The PMG NetAnalyst® certification is program designed to enable IT and
networking professionals to understand networking from the wire level
all the way up through applications that use the network to operate and
communicate. This program has been around since 1995, and numbers over
2,500 professional among its certified population. At a fundamental
level, NetAnalyst certifications tackle the subject of network
forensics, which is taken to mean the informed capture, inspection, and
analysis of network traffic and behavior to deliver information for
various purposes. Thus, topics covered throughout all three credentials
include network characterization and baselining to understand what
typical networking behavior and usage look like, to digging into
specific scenarios related to intrusion attempts, security breaches,
network saturation, application activity, unauthorized access, and so

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Level 1 NetAnalyst: Cross Technology

· This credential requires that its holders understand basic
network forensics, including core theory and technologies, and know how
to construct a big picture view of a network. The term
"cross-technology" is an important key because truly understanding
a network's behavior and characteristics means knowing what kinds of
hardware and software elements make up a network's infrastructure, as
well as what kinds of software (particularly applications) and
activities best describe how it's used and what it's used for. This
requires individuals to use multiple tools and techniques to develop
such an understanding, and that they be able to move among the various
vendor-specific platforms and technologies that comprise a network
infrastructure as needed.

· The Level 1 credential matches up with a 5-day class on
Network Theory and Principles. This class covers TCP standards,
performance, flow control, and troubleshooting, along with IP
subnetting, addressing, and fragmentation. It also includes coverage of
ARP, ICMP, and routing algorithms, as well as Ethernet specific
standards and characteristics, cabling and switches, VLANs, Qos and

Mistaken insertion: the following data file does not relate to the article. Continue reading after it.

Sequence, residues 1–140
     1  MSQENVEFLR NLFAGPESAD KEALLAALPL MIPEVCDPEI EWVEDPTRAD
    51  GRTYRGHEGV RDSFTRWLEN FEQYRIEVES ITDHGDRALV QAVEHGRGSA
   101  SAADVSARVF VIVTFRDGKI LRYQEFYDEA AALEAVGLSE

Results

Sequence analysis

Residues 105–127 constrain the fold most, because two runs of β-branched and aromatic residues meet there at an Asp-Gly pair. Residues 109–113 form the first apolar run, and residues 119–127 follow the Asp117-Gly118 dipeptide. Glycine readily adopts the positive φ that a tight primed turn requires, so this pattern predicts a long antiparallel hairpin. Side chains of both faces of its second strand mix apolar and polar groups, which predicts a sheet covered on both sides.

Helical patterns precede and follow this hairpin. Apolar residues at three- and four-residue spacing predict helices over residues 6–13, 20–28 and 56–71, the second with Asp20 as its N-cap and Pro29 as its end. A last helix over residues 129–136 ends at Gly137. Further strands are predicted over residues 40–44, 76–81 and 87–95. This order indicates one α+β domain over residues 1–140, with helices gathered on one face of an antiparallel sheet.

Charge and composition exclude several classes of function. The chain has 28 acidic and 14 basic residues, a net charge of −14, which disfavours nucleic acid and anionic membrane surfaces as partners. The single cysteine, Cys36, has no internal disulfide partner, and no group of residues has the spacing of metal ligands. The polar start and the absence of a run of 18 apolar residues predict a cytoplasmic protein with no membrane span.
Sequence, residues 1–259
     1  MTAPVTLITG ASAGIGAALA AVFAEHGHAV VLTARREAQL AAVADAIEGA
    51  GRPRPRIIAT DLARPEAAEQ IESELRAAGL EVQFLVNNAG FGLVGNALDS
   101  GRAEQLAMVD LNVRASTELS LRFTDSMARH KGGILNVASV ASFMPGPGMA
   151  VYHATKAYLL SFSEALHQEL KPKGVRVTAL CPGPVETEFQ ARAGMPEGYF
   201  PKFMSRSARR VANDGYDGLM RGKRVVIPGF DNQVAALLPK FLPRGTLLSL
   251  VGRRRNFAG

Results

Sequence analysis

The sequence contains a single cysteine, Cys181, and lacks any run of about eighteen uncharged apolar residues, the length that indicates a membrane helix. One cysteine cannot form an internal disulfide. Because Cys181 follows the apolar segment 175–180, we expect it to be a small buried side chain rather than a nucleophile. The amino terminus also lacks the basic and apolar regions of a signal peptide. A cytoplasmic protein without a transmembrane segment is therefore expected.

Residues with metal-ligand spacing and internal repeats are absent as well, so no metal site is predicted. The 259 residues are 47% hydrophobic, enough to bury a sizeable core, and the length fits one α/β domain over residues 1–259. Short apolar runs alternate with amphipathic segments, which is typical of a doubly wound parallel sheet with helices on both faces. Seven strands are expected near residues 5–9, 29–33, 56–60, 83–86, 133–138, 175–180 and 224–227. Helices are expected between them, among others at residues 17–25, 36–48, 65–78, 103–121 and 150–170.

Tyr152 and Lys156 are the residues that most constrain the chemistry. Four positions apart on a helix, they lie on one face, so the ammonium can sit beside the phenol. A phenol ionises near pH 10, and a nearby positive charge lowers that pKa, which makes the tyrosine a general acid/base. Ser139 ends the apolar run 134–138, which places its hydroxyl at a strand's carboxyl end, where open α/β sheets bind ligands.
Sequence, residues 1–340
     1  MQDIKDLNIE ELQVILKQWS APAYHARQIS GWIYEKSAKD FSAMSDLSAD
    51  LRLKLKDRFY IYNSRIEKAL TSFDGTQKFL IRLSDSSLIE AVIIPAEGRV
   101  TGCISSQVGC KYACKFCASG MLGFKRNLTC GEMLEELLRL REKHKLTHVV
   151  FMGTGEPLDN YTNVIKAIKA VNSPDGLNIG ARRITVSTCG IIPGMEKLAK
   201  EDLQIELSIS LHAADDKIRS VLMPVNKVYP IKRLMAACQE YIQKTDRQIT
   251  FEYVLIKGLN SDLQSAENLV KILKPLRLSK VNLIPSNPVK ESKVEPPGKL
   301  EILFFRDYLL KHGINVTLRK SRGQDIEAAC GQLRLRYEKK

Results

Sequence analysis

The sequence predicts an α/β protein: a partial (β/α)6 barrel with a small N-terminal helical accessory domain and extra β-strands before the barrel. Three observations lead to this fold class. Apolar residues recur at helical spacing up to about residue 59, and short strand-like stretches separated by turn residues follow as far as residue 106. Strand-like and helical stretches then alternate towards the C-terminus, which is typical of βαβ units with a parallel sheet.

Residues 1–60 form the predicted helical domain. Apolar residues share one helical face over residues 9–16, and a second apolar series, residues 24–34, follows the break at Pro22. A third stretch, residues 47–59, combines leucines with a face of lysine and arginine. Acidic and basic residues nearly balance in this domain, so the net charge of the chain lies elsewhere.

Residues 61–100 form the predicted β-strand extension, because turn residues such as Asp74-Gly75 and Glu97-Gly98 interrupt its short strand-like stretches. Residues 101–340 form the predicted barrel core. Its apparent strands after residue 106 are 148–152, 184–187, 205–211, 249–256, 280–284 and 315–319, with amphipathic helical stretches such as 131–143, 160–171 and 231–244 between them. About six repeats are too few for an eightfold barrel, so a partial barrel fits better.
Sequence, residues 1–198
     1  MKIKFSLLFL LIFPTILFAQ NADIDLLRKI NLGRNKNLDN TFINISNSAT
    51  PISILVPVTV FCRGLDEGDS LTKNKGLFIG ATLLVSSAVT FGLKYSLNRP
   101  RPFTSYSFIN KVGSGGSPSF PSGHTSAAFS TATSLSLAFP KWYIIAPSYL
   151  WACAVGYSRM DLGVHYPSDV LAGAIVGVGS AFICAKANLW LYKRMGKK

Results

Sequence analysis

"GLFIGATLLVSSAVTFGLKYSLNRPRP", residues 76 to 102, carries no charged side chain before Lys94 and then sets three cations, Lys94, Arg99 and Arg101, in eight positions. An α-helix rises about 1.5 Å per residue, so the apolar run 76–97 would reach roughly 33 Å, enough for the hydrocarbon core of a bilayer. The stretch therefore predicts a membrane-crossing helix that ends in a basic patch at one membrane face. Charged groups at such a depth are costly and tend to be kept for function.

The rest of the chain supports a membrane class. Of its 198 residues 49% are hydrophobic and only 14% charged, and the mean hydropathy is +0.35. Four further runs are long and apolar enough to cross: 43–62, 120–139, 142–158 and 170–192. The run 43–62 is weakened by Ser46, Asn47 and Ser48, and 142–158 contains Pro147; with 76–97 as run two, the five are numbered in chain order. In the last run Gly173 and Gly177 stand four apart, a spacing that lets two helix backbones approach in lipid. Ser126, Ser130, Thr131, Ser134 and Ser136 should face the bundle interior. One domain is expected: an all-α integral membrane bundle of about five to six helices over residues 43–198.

traffic engineering topics, and more. Candidates must pass a single
exam to earn this credential, consisting of 60 multiple-choice
questions in a 90 minute period.

Level 2 NetAnalyst: Architect

· This credential requires its holders to understand how
networks are organized, how they operate, and how applications and
services look and behave as they transit across a network. This means
that qualified individuals must know how to monitor, capture, analyze
and resolve complex networking issues. The architect label is intended
to describe a deep and thorough understanding of how basic networking
principles involved in design, implementation, maintenance, and
troubleshooting play into dealing with specific networking situations,
behaviors, and outright pathologies.

· The Level 2 credential also matches up with a 5-day class on
Network Troubleshooting Essentials. This class begins with an in-depth
analysis of the OSI network reference model and proceeds through each
of its seven layers to describe and demonstrate how each one operates
and behaves. Topics covered include Ethernet operation and analysis,
wireless 802.11 b/g/n Ethernet networks, switched network analysis and
VLANs, IP operation and analysis, TCP throughput and latency analysis,
and a look at specific TCP based application layer protocols including
HTTP, FTP, and more. Students work with a protocol analyzer to complete
numerous hands-on labs and exercises, as they proceed through the
course materials in class. Candidates must pass a single exam to earn
this credential, consisting of 30 multiple-choice questions in a
90-minute period. The Level 1 credential is normally a pre-requisite
for this credential, though exemptions may be appealed on a
case-by-case basis.

Level 3 NetAnalyst: Elite

· This credential requires its holders be able to use a
protocol analyzer well, that they understand TCP/IP protocols in depth,
and that they know how to dig into specific TCP/IP applications and
services at an expert level to illustrate or characterize behavior,
diagnose potential or actual pathologies, and to ferret out networking
factors that contribute to network performance and problems.

· The Level 3 credential matches up with a 5-day class on
Network Performance Forensics. This class includes in-depth coverage of
some or all of the following topics (depending on student interests,
depth of coverage, and instructor inclination): application layer
protocols such as Voice over IP (VoIP), SMTP, FTP, DHCP/WINS/DNS, and
more. Broadcast analysis, Qos validation, network design and IP
multicast can also number among its topics if students wish to dig into
these subjects and time permits such coverage. Students work with a
protocol analyzer as the primary hands-on and lab activity in this
class, and spend significant time working through case studies and
detailed scenarios. Candidates must pass a single exam to earn this
credential, consisting of 15 questions and 5 short essays in a
90-minute period. The Level 2 credential is a pre-requisite for this

Enroll online at:
or email us at for more information.